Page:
Washington voters are being asked to approve two amendments to the state Constitution, to allow four-year school levies and to enable local governments to offer homeowners loans so they can hook up to sewers.
The two simple amendments are expected to pass, reflecting their easy journey through the Republican-controlled Legislature and the lack of any major opposition.
The school measure, House Joint Resolution 4208, would allow public school districts to submit special maintenance and operation levies for up to four years at a time. Currently, districts can submit levies annually or can run two-year levies.
The two-year levies were approved by state voters in 1976.
Backers say the new option would give districts more flexibility and allow them to plan better, would cut election costs, and would allow educators and citizen activists to concentrate on improving schools, rather than worrying about levy elections every year or two.
“There are surely better ways for people to spend time than standing on the street corner in the rain every February holding up those (levy campaign) signs,” said Kelly Evans, spokeswoman for the Yes on 4208 campaign.
“It’s just another planning tool; it’s just good sound business practice,” said Dwayne Slate, associate executive director of the Washington State School Directors Association. “It’s why the voters went from a one-year levy to two-year levies previously.”
State analysts project a $6 million savings for taxpayers every two years, based on the assumption that the change would mean fewer elections. Districts cannot spend tax dollars to promote levies, but must reimburse counties for election costs.
Although it varies widely, the average district relies on special property-tax levies to finance roughly a fifth of its operating budget. The rest comes from the state and federal governments.
Advocates say the new authority wouldn’t be used by all 296 districts, particularly in the next few years. Prime reason: Once a district locks in a four-year levy, it couldn’t go back to the voters if conditions changed drastically in the second or third year, with a major influx of families, for example.
“It’s not without danger” and districts will have to carefully study their circumstances before school boards decide how long a levy to run, Slate said.
“Probably few would use the authority right away, this coming February, since there would be only a few weeks to plan and make a decision. It was the same way when two-year levies were first authorized,” he said.
Evans said some districts are mulling a three-year levy.
Foes of the move say fewer elections mean fewer opportunities for taxpayers to hold districts accountable. If a district knows it will face the voters at least once every two years, it will be more responsive and efficient, they say.
“With property taxes doubling every eight to nine years, constant taxpayer oversight is essential for efficiency and accountability,” state Sen. Harold Hochstatter, R-Moses Lake, says in the Voters Pamphlet.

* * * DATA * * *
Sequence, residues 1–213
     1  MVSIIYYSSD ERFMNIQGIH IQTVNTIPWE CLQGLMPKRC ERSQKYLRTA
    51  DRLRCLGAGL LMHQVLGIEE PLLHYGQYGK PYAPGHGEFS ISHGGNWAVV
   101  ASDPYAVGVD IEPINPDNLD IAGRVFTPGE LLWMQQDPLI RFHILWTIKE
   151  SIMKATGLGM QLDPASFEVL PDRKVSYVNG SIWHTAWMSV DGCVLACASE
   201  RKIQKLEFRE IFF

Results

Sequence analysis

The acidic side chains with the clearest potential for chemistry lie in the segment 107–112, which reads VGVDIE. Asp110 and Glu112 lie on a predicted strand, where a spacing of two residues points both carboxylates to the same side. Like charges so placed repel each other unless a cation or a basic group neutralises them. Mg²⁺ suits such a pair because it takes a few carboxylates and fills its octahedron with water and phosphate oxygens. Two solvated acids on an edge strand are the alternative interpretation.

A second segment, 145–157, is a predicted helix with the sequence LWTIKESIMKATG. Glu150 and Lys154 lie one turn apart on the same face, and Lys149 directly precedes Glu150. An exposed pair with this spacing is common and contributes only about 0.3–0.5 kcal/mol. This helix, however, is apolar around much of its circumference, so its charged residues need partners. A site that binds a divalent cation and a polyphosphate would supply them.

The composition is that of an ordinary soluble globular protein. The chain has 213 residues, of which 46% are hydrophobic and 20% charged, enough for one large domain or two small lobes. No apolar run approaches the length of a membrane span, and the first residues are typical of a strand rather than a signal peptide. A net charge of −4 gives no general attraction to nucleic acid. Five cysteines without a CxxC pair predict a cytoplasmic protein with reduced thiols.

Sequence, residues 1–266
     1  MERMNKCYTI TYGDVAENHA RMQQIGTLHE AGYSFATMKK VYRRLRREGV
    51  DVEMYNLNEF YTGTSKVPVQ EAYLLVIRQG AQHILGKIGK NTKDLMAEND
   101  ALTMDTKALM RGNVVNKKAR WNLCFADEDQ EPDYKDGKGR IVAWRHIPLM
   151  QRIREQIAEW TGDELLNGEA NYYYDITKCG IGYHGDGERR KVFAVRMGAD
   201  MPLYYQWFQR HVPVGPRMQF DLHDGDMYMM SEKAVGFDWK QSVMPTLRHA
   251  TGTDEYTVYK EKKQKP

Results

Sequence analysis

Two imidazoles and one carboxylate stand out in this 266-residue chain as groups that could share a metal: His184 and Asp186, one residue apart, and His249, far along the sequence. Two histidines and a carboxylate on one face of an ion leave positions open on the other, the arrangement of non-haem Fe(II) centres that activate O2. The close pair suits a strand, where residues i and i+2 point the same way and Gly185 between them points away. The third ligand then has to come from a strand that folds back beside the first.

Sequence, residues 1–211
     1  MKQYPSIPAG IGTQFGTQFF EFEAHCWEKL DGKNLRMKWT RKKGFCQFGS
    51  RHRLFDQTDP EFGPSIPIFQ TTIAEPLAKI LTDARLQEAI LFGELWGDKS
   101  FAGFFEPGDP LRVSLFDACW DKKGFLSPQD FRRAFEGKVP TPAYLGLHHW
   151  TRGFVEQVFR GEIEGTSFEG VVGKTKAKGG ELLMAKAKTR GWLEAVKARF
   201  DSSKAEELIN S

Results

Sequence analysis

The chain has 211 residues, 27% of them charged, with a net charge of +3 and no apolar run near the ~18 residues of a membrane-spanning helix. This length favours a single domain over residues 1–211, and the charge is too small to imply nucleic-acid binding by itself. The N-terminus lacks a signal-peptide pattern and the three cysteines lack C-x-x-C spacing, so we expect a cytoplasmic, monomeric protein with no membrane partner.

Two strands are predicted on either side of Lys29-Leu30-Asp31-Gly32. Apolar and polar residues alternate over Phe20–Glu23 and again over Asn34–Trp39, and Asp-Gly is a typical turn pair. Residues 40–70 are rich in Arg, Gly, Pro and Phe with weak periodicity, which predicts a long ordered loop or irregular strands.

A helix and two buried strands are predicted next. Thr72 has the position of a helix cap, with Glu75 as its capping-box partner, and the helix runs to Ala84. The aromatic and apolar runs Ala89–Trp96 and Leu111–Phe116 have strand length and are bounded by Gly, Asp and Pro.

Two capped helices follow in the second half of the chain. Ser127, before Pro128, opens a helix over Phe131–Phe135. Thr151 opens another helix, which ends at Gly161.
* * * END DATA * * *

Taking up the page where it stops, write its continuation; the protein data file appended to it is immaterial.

“Do you believe HJR4208 - changing the state Constitution to give you fewer occasions to vote on schools issues - will improve education and make your school district more accountable to you? No way.”
Although the measure passed the 98-member state House with only three no votes and the 49-member Senate with but nine dissenting votes, Slate says a solid bloc of conservative taxpayers will oppose it, and that school forces shouldn’t take passage for granted.
School taxes account for a large chunk of the property-tax bill and tax critics will see less frequent elections as a loss of opportunity to try to sink the levies, he said.
The other constitutional amendment, HJR4209, would allow local government agencies to make loans for conservation, storm water and sewer projects. Voters previously approved such programs for energy conservation and water projects.
Without the change, it’s unconstitutional to extend the state’s credit to private individuals for such projects.
The measure would allow local governments to sell bonds to finance storm-water detention facilities, help homeowners hook up to sewers, and help commercial and industrial customers pre-treat their waste water before it heads to the treatment plant.
Rep. Gary Chandler, R-Moses Lake, chairman of the House Agriculture & Ecology Committee, said the plan would foster conservation and a cleaner environment, without boosting utility rates.
In participating locales, sewer rates would be frozen and savings from lower usage by commercial users would be dedicated to pay off the bonds. Homeowners would repay hookup charges, plus a low interest.
xxxx AMENDMENTS House Joint Resolution 4208 would give school boards the option of requesting levies of one, two, three or four years in duration. House Joint Resolution 4209 would allow local public agencies to sell bonds and make loans to help homeowners pay for hookup to sewer service, to finance storm water detention facilities and help commercial and industrial customers pre-treat their waste water before it heads to the treatment plant.